# Changeset 3666

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Timestamp:
Mar 16, 2017, 5:21:42 PM (12 months ago)
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Updated the proof part

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Papers/jar-cerco-2017
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4 edited

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• ## Papers/jar-cerco-2017/cerco.bib

 r3661 doi = {10.1007/3-540-45937-5_16} } @Inbook{Ayache2012, author="Ayache, Nicolas and Amadio, Roberto M. and R{\'e}gis-Gianas, Yann", editor="Stoelinga, Mari{\"e}lle and Pinger, Ralf", title="Certifying and Reasoning on Cost Annotations in C Programs", bookTitle="Formal Methods for Industrial Critical Systems: 17th International Workshop, FMICS 2012, Paris, France, August 27-28, 2012. Proceedings", year="2012", publisher="Springer Berlin Heidelberg", address="Berlin, Heidelberg", pages="32--46", isbn="978-3-642-32469-7", doi="10.1007/978-3-642-32469-7_3", url="http://dx.doi.org/10.1007/978-3-642-32469-7_3" }
• ## Papers/jar-cerco-2017/cerco.tex

 r3659 \usepackage{stmaryrd} \usepackage{url} \usepackage[all]{xy} \usepackage{tikz}
• ## Papers/jar-cerco-2017/development.tex

 r3662 \label{sect.formal.development} \subsection*{Statistics} \subsection{Statistics} \begin{tabular}{|c|c|}
• ## Papers/jar-cerco-2017/proof.tex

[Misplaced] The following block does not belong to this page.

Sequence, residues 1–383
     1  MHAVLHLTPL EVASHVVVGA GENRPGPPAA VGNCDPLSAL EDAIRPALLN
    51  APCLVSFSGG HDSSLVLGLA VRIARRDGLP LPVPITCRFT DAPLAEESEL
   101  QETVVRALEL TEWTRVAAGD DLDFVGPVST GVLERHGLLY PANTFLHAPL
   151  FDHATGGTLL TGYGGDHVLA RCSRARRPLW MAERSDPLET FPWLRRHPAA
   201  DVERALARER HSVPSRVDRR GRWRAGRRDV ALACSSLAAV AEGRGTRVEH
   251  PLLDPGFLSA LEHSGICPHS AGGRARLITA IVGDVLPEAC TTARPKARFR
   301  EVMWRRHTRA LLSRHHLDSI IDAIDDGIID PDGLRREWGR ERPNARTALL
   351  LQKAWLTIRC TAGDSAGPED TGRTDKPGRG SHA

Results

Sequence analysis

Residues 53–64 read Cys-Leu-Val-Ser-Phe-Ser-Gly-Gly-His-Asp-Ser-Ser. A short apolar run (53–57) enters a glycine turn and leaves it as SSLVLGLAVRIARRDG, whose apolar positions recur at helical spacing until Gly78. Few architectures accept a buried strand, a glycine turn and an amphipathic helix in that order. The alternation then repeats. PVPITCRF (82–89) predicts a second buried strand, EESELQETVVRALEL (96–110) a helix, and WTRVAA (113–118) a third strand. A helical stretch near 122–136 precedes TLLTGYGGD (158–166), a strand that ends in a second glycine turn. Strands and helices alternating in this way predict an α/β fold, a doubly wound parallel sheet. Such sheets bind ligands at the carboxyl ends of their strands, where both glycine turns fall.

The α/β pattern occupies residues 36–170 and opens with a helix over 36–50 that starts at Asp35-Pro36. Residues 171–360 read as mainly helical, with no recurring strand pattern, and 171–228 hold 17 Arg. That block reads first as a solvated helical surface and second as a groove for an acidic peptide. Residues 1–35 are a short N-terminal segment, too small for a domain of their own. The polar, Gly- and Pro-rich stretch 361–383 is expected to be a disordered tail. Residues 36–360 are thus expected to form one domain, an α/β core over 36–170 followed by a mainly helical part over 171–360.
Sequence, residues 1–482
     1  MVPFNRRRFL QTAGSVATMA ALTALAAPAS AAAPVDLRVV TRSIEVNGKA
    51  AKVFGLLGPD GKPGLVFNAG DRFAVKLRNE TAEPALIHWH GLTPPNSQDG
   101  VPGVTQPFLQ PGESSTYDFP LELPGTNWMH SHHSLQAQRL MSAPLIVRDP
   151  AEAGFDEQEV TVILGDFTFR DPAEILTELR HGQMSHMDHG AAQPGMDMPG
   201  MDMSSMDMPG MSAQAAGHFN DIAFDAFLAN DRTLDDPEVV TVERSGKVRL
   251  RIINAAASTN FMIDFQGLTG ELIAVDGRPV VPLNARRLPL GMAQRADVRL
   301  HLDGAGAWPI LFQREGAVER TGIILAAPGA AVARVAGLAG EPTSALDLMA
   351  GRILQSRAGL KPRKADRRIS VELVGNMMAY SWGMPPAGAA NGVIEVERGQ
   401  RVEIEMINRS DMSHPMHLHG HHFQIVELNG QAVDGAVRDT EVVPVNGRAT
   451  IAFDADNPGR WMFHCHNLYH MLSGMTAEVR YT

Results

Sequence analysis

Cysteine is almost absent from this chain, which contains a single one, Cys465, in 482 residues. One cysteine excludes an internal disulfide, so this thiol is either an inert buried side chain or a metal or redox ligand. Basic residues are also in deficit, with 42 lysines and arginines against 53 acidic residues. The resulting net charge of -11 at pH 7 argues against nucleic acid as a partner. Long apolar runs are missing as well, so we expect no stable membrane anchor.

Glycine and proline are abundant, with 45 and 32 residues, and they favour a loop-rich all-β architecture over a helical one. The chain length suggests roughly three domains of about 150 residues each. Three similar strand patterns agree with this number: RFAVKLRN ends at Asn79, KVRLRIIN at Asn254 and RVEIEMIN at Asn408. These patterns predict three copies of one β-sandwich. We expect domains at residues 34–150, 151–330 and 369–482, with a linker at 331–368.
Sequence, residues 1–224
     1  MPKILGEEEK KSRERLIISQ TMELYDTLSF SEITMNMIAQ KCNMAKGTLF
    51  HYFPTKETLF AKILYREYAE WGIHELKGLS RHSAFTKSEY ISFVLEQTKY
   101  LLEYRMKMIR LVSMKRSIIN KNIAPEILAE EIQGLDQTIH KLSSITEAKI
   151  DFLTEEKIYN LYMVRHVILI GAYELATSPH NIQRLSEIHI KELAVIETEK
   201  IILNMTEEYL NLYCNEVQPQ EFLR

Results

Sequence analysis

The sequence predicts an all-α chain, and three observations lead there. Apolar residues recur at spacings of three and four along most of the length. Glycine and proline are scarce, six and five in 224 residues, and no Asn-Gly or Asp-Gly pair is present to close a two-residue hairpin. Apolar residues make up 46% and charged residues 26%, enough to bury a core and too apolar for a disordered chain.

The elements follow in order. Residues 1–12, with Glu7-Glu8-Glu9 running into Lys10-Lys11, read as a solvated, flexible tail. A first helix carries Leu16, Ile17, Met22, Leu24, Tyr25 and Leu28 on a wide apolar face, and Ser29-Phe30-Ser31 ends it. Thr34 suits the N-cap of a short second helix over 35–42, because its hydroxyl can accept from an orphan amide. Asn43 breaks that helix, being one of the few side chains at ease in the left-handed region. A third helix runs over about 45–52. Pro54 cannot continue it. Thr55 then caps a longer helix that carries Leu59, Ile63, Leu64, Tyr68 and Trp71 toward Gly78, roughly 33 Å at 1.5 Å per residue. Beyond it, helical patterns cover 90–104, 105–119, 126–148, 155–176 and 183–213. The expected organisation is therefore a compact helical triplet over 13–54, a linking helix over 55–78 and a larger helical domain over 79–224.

r3659 %   Main theorem statement \section{Introduction} In~\cite{D2.1}, Armadio \emph{et al} propose an approach for building a compiler for a large fragment of the \textsc{c} programming language. The novelty of their proposal lies in the fact that their proposed design is capable of lifting execution cost information from the compiled code and presenting it to the user. This idea is foundational for the CerCo project, which strives to produce a mechanically certified version of such a compiler. To summarise, Armadio's proposal consisted of decorations' on the source code, along with the insertion of labels at key points. These labels are preserved as compilation progresses, from one intermediate language to another. Once the final object code is produced, such labels should correspond to the parts of the compiled code that have a constant cost. Two properties must hold of any cost estimate. The first property, paramount to the correctness of the method, is \emph{soundness}, that is, that the actual execution cost is bounded by the estimate. In the labelling approach, this is guaranteed if every loop in the control flow of the compiled code passes through at least one cost label. The second property, optional but desirable, is \emph{preciseness}: the estimate \emph{is} the actual cost. In the labelling approach, this will be true if, for every label, every possible execution of the compiled code starting from such a label yields the same cost before hitting another one. In simple architectures such as the 8051 micro-controller this can be guaranteed by placing labels at the start of any branch in the control flow, and by ensuring that no labels are duplicated. The reader should note that the above mentioned requirements must hold when executing the code obtained at the end of the compilation chain. So even if one is careful about injecting the labels at suitable places in the source code, the requirements might still fail because of two main obstacles: \begin{itemize} \item The compilation process introduces important changes in the control flow, inserting loops or branches. For example, the insertion of functions in the source code replacing instructions that are unavailable in the target architecture. This require loops to be inserted (for example, for multi-word division and generic shift in the 8051 architecture), or effort spent in providing unbranching translations of higher level instructions~\cite{D2.2}. \item Even when the compiled code \emph{does}---as far as the the syntactic control flow graph is concerned---respect the conditions for soundness and preciseness, the cost of blocks of instructions might not be independent of context, so that different passes through a label might have different costs. This becomes a concern if one wishes to apply the approach to more complex architectures, for example one with caching or pipelining. \end{itemize} The first point unveils a weakness of the current labelling approach when it comes to some common code transformations performed along a compilation chain. In particular, most \emph{loop optimisations} are disruptive, in the sense outlined in the first bulletpoint above. An example optimisation of this kind is \emph{loop peeling}. This optimisation is employed by compilers in order to trigger other optimisations, for example, dead code elimination or invariant code motion. Here, a first iteration of the loop is hoisted out of the body of the loop, possibly being assigned a different cost than later iterations. The second bulletpoint above highlights another weakness. Different tools allow to predict up to a certain extent the behaviour of cache. For example, the well known tool \s{aiT}~\cite{absint}---based on abstract interpretation---allows the user to estimate the worst-case execution time (\textsc{wcet}) of a piece of source code, taking into account advanced features of the target architecture. While such a tool is not fit for a compositional approach which is central to CerCo's project\footnote{\s{aiT} assumes the cache is empty at the start of computation, and treats each procedure call separately, unrolling a great part of the control flow.}, \s{aiT}'s ability to produce tight estimates of execution costs would sthill enhance the effectiveness of the CerCo compiler, \eg{} by integrating such techniques in its development. A typical case where cache analysis yields a difference in the execution cost of a block is in loops: the first iteration will usually stumble upon more cache misses than subsequent iterations. If one looks closely, the source of the weakness of the labelling approach as presented in~\cite{D2.1} is common to both points: the inability to state different costs for different occurrences of labels, where the difference might be originated by labels being duplicated along the compilation, or the costs being sensitive to the current state of execution. The preliminary work we present here addresses this weakness by introducing cost labels that are dependent on which iteration of its containing loops it occurs in. \section{Compiler proof} \label{sect.compiler.proof} \subsection{Labelling approach} In this section, we will explore the labelling approach mentioned in the introduction in more detail. The labelling' approach to the problem of building cost annotations is summarized in the following diagram. \newcolumntype{M}[1]{>{\raggedright}m{#1}} \- \begin{tabular}{M{10cm}||M{4cm}} $$\xymatrix{ % Row 1 L_1 \\ % % Row 2 L_{1,\ell} \ar[u]^{\cl{I}} \ar@/^/[d]^{\w{er}_1} \ar[r]^{\cl{C}_1} % & L_{2,\ell} \ar[d]^{\w{er}_2} % & \ldots \hspace{0.3cm}\ar[r]^{\cl{C}_k} % & L_{k+1, \ell} \ar[d]^{\w{er}_{k+1}} \\ % % Row 3 L_1 \ar@/^/[u]^{\cl{L}} \ar[r]^{\cl{C}_1} & L_2 & \ldots\hspace{0.3cm} \ar[r]^{\cl{C}_{k}} & L_{k+1} }$$ & $$\begin{array}{ccc} \w{er}_{i+1} \comp \cl{C}_{i} &= &\cl{C}_{i} \comp \w{er}_{i} \\ \w{er}_{1} \comp \cl{L} &= &\w{id}_{L_{1}} \\ \w{An}_{1} &= &\cl{I} \comp \cl{L} \end{array}$$ \end{tabular} \- For each language $L_i$ considered in the compilation process, we define an extended {\em labelled} language $L_{i,\ell}$ and an extended operational semantics. The labels are used to mark certain points of the control. The semantics makes sure that whenever we cross a labelled control point a labelled and observable transition is produced. For each labelled language there is an obvious function $\w{er}_i$ erasing all labels and producing a program in the corresponding unlabelled language. The compilation functions $\cl{C}_i$ are extended from the unlabelled to the labelled language so that they enjoy commutation with the erasure functions. Moreover, we lift the soundness properties of the compilation functions from the unlabelled to the labelled languages and transition systems. A {\em labelling} $\cl{L}$  of the source language $L_1$ is just a function such that $\w{er}_{L_{1}} \comp \cl{L}$ is the identity function. An {\em instrumentation} $\cl{I}$ of the source labelled language  $L_{1,\ell}$ is a function replacing the labels with suitable increments of, say, a fresh \w{cost} variable. Then an {\em annotation} $\w{An}_{1}$ of the source program can be derived simply as the composition of the labelling and the instrumentation functions: $\w{An}_{1} = \cl{I}\comp \cl{L}$. As for the direct approach, suppose $s$ is some adequate representation of the state of a program. Let $S$ be a source program and suppose that its annotation satisfies the following property: \label{STEP1} (\w{An}_{1}(S),s[c/\w{cost}])  \eval s'[c+\delta/\w{cost}] where $\delta$ is some non-negative number. Then the definition of the instrumentation and the fact that the soundness proofs of the compilation functions have been lifted to the labelled languages allows to conclude that \label{step2} (\cl{C}(L(S)),s[c/\w{cost}])  \eval (s'[c/\w{cost}],\lambda) where $\cl{C} = \cl{C}_{k} \comp \cdots \comp \cl{C}_{1}$ and $\lambda$ is a sequence (or a multi-set) of labels whose cost' corresponds to the number $\delta$ produced by the annotated program. Then the commutation properties of erasure and compilation functions allows to conclude that the {\em erasure} of the compiled labelled code $\w{er}_{k+1}(\cl{C}(L(S)))$ is actually  equal to the compiled code $\cl{C}(S)$ we are interested in. Given this, the following question arises: \begin{quote} Under which conditions the sequence $\lambda$, {\em i.e.}, the increment $\delta$, is a sound and possibly precise description of the execution cost of the object code? \end{quote} To answer this question, we observe that the object code we are interested in is some kind of assembly code and its control flow can be easily represented as a control flow graph. The fact that we have to prove the soundness of the compilation functions means that we have plenty of pieces of information on the way the control flows in the compiled code, in particular as far as procedure calls and returns are concerned. These pieces of information allow to build a rather accurate representation of the control flow of the compiled code at run time. The idea is then to perform two simple checks on the control flow graph. The first check is to verify that all loops go through a labelled node. If this is the case then we can associate a finite cost with every label and prove that the cost annotations are sound. The second check amounts to verify that all paths starting from a label have the same cost. If this check is successful then we can conclude that the cost annotations are precise. This approach, as published in~\cite{Ayache2012} is the one used in the CerCo project. However, it has some weaknesses, which we will describe in the next subsection. We also propose a method to resolve these weaknesses. \subsection{Indexed labelling} THe labelling approach as described above does not deal well with some optimisations the compiler might introduce, such as changes in the control flow. For example, the 8051 architecture does not have an instruction for multi-word division, which means that a function containing loops has to be inserted into the code. In fact, this is symptomatic of a more general weakness: the inability to state different costs for different occurrences of labels, where the difference might be originated by labels being duplicated along the compilation, or the costs being sensitive to the current state of execution. We present a solution that addresses this weakness by introducing cost labels that are dependent on the iteration of their containing loop. This is achieved by means of \emph{indexed labels}; all cost labels are decorated with formal indices coming from the loops containing such labels. These indices allow us to rebuild, even after multiple loop transformations, which iterations of the original loops in the source code a particular label occurrence belongs to. These indices allow us to keep track, even after multiple loop transformations, of which iteration of the original loop in the source code a particular label occurrence belongs to. During the annotation stage of the source code, this information is presented to the user by means of \emph{dependent costs}. We concentrate on integrating the labelling approach with two loop transformations. For general information on general compiler optimisations (and loop optimisations in particular) we refer the reader to the vast literature on the subject (\eg\cite{muchnick,morgan}). Over the course of this section, we will use two specific types of optimisations to introduce the indexed labelling approach. We argue that these two types pose a good foundation for extending the labelling approach, in order to cover more and more common optimisations, as well as gaining insight into how to integrate advanced cost estimation techniques, such as cache analysis, into the CerCo compiler. Moreover loop peeling itself has the fortuitous property of enhancing and enabling other optimisations. Experimentation with CerCo's untrusted prototype compiler, which implements constant propagation and partial redundancy elimination~\cite{PRE,muchnick}, show how loop peeling enhances those other optimisations. \paragraph{Loop peeling} As already mentioned, loop peeling consists in preceding the loop with a copy of its body, appropriately guarded. Loop peeling consists in preceding the loop with a copy of its body, appropriately guarded. This is used, in general, to trigger further optimisations, such as those that rely on execution information which can be computed at compile time, but which is erased by further iterations of the loop, or those that use the hoisted code to be more effective at eliminating redundant code. Integrating this transformation in to the labelling approach would also allow the integration of the common case of cache analysis explained above; the analysis of cache hits and misses usually benefits from a form of \emph{virtual} loop peeling~\cite{cacheprediction}. This optimisation consists of the repetition of several copies of the body of the loop inside the loop itself (inserting appropriate guards, or avoiding them altogether if enough information about the loop's guard is available at compile time). This can limit the number of (conditional or unconditional) jumps executed by the code and trigger further optimisations dealing with pipelining, if appropriate for the architecture. \\\\ Whilst we cover only two loop optimisations in this report, we argue that the work presented herein poses a good foundation for extending the labelling approach, in order to cover more and more common optimisations, as well as gaining insight into how to integrate advanced cost estimation techniques, such as cache analysis, into the CerCo compiler. Moreover loop peeling itself has the fortuitous property of enhancing and enabling other optimisations. Experimentation with CerCo's untrusted prototype compiler, which implements constant propagation and partial redundancy elimination~\cite{PRE,muchnick}, show how loop peeling enhances those other optimisations. \paragraph{Outline} We will present our approach on a minimal toy' imperative language, \imp{} with \s{goto}s, which we present in Section~\ref{sec:defimp} along with formal definitions of the loop transformations. This language already presents most of the difficulties encountered when dealing with \textsc{c}, so we stick to it for the sake of this presentation. In Section~\ref{sec:labelling} we summarize the labelling approach as presented in~\cite{D2.1}. Section~\ref{sec:indexedlabels} presents \emph{indexed labels}, our proposal for dependent labels which are able to describe precise costs even in the presence of the various loop transformations we consider. Finally Section~\ref{sec:conc} goes into more detail regarding the implementation of indexed labels in CerCo's untrusted compiler and speculates on further work on the subject. \section{\imp{} with goto}\label{sec:defimp} We briefly outline the toy language, \imp{} with \s{goto}s. The language was designed in order to pose problems for the existing labelling approach, and as a testing ground for our new notion of indexed labels. The syntax and operational semantics of our toy language are presented in~\ref{fig:minimp}. Note, we may augment the language further, with \s{break} and \s{continue}, at no further expense. \subsubsection{\imp{} with goto}\label{sec:defimp} We briefly outline a toy language, \imp{} with \s{goto}s. This language was designed in order to pose problems for the existing labelling approach, and as a testing ground for our new notion of indexed labels. The syntax and operational semantics of \imp{} are presented in figure~\ref{fig:minimp}. Note that we can augment the language with \s{break} and \s{continue} statements at no further expense. \begin{figureplr} $$\begin{gathered} \label{fig:minimp} \end{figureplr} The precise grammar for expressions is not particularly relevant so we do not give one in full. For the sake of conciseness we also treat boolean and arithmetic expressions together (with the usual \textsc{c} convention of an expression being true iff non-zero). We posit the existence of a suitable notion of sequential instructions', wherein each instruction has a single natural successor to which we can add our own, for every language L further down the compilation chain. \subsection{Loop transformations} \subsubsection{Loop transformations} We call a loop L \emph{single-entry} in P if there is no \s{goto} to P outside of L which jumps into L.\footnote{This is a reasonable aproximation: it defines a loop as multi-entry if it has an external but unreachable \s{goto} jumping into it.} Many loop optimisations do not preserve the semantics of multi-entry loops in general, or are otherwise rendered ineffective. \end{example} \section{Labelling: a quick sketch of the previous approach} \label{sec:labelling} Plainly labelled \imp{} is obtained by adding to the code \emph{cost labels} (with metavariables \alpha,\beta,\ldots), and cost-labelled statements:$$ S,T\gramm \cdots \mid \alpha: S $$Cost labels allow us to track some program points along the compilation chain. For further details we refer to~\cite{D2.1}. With labels the small step semantics turns into a labelled transition system along with a natural notion of trace (\ie lists of labels) arises. The evaluation of statements is enriched with traces, so that rules follow a pattern similar to the following:$$ \begin{array}{lblL} (\alpha: S, K,s) &\to[\alpha]_P (S,K,s)\\ (\s{skip}, S \cdot K,s) &\to[\varepsilon]_P (S, K, s)\\ & \text{etc.} \end{array}$$Here, we identify cost labels \alpha with singleton traces and we use \varepsilon for the empty trace. Cost labels are emitted by cost-labelled statements only\footnote{In the general case the evaluation of expressions can emit cost labels too (see~\ref{sec:conc}).}. We then write \to[\lambda]\!\!^* for the transitive closure of the small step semantics which produces by concatenation the trace \lambda. \paragraph{Labelling} Given an \imp{} program P its \emph{labelling} \alpha:\Ell(P) in \ell-\imp is defined by putting cost labels after every branching statement, at the start of both branches, and a cost label at the beginning of the program. Also, every labelled statement gets a cost label, which is a conservative approach to ensuring that all loops have labels inside them, as a loop might be done with \s{goto}s. The relevant cases are$$\begin{aligned} \Ell(\sop{if}e\sbin{then}S\sbin{else}T) &= \sop{if}e\sbin{then}\alpha:\Ell(S)\sbin{else}\beta:\Ell(T)\\ \Ell(\sop{while}e\sbin{do}S) &= (\sop{while}e\sbin{do}\alpha:\Ell(S));\beta:\s{skip}\\ \Ell(\ell : S) &= (\ell : \alpha : \Ell(S)) \end{aligned}$$where \alpha,\beta are fresh cost labels. In all other cases the definition just passes to substatements. \paragraph{Labels in the rest of the compilation chain} All languages further down the chain get a new sequential statement \sop{emit}\alpha whose effect is to be consumed in a labelled transition while keeping the same state. All other instructions guard their operational semantics and do not emit cost labels. Preservation of semantics throughout the compilation process is restated, in rough terms, as:$$ \text{starting state of $P$}\to[\lambda]\!\!^*\;\text{halting state} \iff \text{starting state of $\mathcal C(P)$} \to[\lambda]\!\!^*\;\text{halting state} $$Here P is a program of a language along the compilation chain, starting and halting states depend on the language, and \mathcal C is the compilation function\footnote{The case of divergent computations needs to be addressed too. Also, the requirement can be weakened by demanding some sort weaker form of equivalence of the traces than equality. Both of these issues are beyond the scope of this presentation.}. \paragraph{Instrumentations} Let \mathcal C be the whole compilation from \ell\imp to the labelled version of some low-level language L. Supposing such compilation has not introduced any new loop or branching, we have that: \begin{itemize} \item Every loop contains at least a cost label (\emph{soundness condition}) \item Every branching has different labels for the two branches (\emph{preciseness condition}). \end{itemize} With these two conditions, we have that each and every cost label in \mathcal C(P) for any P corresponds to a block of sequential instructions, to which we can assign a constant \emph{cost}\footnote{This in fact requires the machine architecture to be simple enough', or for some form of execution analysis to take place.} We therefore may assume the existence of a \emph{cost mapping} \kappa_P from cost labels to natural numbers, assigning to each cost label \alpha the cost of the block containing the single occurrance of \alpha. Given any cost mapping \kappa, we can enrich a labelled program so that a particular fresh variable (the \emph{cost variable} c) keeps track of the summation of costs during the execution. We call this procedure \emph{instrumentation} of the program, and it is defined recursively by:$$ \mathcal I(\alpha:S) = c \ass c + \kappa(\alpha) ; \mathcal I(S) $$In all other cases the definition passes to substatements. \paragraph{The problem with loop optimisations} Let us take loop peeling, and apply it to the labelling of a program without any prior adjustment:$$ (\sop{while}e\sbin{do}\alpha:S);\beta:\s{skip} \mapsto (\sop{if}b\sbin{then} \alpha : S; \sop{while} b \sbin{do} \alpha : S[\ell'_i/\ell_i]); \beta:\s{skip} $$What happens is that the cost label \alpha is duplicated with two distinct occurrences. If these two occurrences correspond to different costs in the compiled code, the best the cost mapping can do is to take the maximum of the two, preserving soundness (\ie the cost estimate still bounds the actual one) but losing preciseness (\ie the actual cost could be strictly less than its estimate). \section{Indexed labels} \subsubsection{Indexed labels} \label{sec:indexedlabels} This section presents the core of the new approach. \end{enumerate} \subsection{Indexing the cost labels} \subsubsection{Indexing the cost labels} \label{ssec:indlabs} In plainer words: each single-entry loop is indexed by i_k where k is the number of other single-entry loops containing this one, and all cost labels under the scope of a single-entry loop indexed by i_k are indexed by all indices i_0,\ldots,i_k, without any transformation. \subsection{Indexed labels and loop transformations}\label{ssec:looptrans} \subsubsection{Indexed labels and loop transformations}\label{ssec:looptrans} We define the \emph{reindexing} I \circ (i_k\mapsto a*i_k+b) as an operator on indexings by setting: \begin{multline*} Again, the reindexing is as expected: each copy of the unrolled body has its indices remapped so that when they are executed, the original iteration of the loop to which they correspond can be recovered. \subsection{Semantics and compilation of indexed labels} \subsubsection{Semantics and compilation of indexed labels} In order to make sense of loop indices, one must keep track of their values in the state. A \emph{constant indexing} (metavariables C,\ldots) is an indexing which employs only constant simple expressions. In fact, the statement of preservation of semantics does not change at all, if not for considering traces of evaluated indexed cost labels rather than traces of plain ones. \subsection{Dependent costs in the source code} \subsubsection{Dependent costs in the source code} \label{ssec:depcosts} The task of producing dependent costs from constant costs induced by indexed labels is quite technical.$$ \subsection{A detailed example}\label{ssec:detailedex} \subsubsection{A detailed example}\label{ssec:detailedex} Take the program in \autoref{fig:example1}. Its initial labelling will be: $$\begin{array}{l} We will see later on \autopageref{pag:continued} how such an expression can be simplified. \section{Notes on the implementation and further work} \subsection{Notes on the implementation and further work} \label{sec:conc} Implementing the indexed label approach in CerCo's untrusted Ocaml prototype does not introduce many new challenges beyond what has already been presented for the toy language, \imp{} with \s{goto}s. This corresponds to a reasonable limitation on the number of times loop unrolling may be applied to the same loop: at most once. \paragraph{Further work} For the time being, indexed labels are only implemented in the untrusted Ocaml compiler, while they are not present yet in the Matita code. Porting them should pose no significant problem. Once ported, the task of proving properties about them in Matita can begin. Because most of the executable operational semantics of the languages across the frontend and the backend are oblivious to cost labels, it should be expected that the bulk of the semantic preservation proofs that still needs to be done will not get any harder because of indexed labels. The only trickier point that we foresee would be in the translation of \s{Clight} to \s{Cminor}, where we pass from structured indexed loops to atomic instructions on loop indices. An invariant which should probably be proved and provably preserved along the compilation chain is the non-overlap of indexings for the same atom. Then, supposing cost correctness for the unindexed approach, the indexed one will just need to amend the proof that$$\forall C\text{ constant indexing}.\forall \alpha\la I\ra\text{ appearing in the compiled code}. \kappa(\alpha)\circ (I\circ C) = \kappa(\alpha\la I \ra). $$Here, C represents a snapshot of loop indices in the compiled code, while I\circ C is the corresponding snapshot in the source code. Semantics preservation will ensure that when, with snapshot C, we emit \alpha\la I\ra (that is, we have \alpha\la I\circ C\ra in the trace), \alpha must also be emitted in the source code with indexing I\circ C, so the cost \kappa(\alpha)\circ (I\circ C) applies. Aside from carrying over the proofs, we would like to extend the approach to more loop transformations. Important examples are loop inversion (where a for loop is reversed, usually to make iterations appear to be truly independent) or loop interchange (where two nested loops are swapped, usually to have more loop invariants or to enhance strength reduction). This introduces interesting changes to the approach, where we would have indexings such as:$$i_0\mapsto n - i_0\quad\text{or}\quad i_0\mapsto i_1, i_1\mapsto i_0. In particular dependency over actual variables of the code would enter the frame, as indexings would depend on the number of iterations of a well-behaving guarded loop (the $n$ in the first example). Finally, as stated in the introduction, the approach should allow some integration of techniques for cache analysis, a possibility that for now has been put aside as the standard 8051 target architecture for the CerCo project lacks a cache. Two possible developments for this line of work present themselves: \begin{enumerate} \item One could extend the development to some 8051 variants, of which some have been produced with a cache. \item One could make the compiler implement its own cache: this cannot apply to \textsc{ram} accesses of the standard 8051 architecture, as the difference in cost of accessing the two types of \textsc{ram} is only one clock cycle, which makes any implementation of cache counterproductive. So for this proposal, we could either artificially change the accessing cost of \textsc{ram} of the model just for the sake of possible future adaptations to other architectures, or otherwise model access to an external memory by means of the serial port. \end{enumerate} \section{Compiler proof} \label{sect.compiler.proof} %%% HERE BEGINS A NEW BIT \section{Introduction}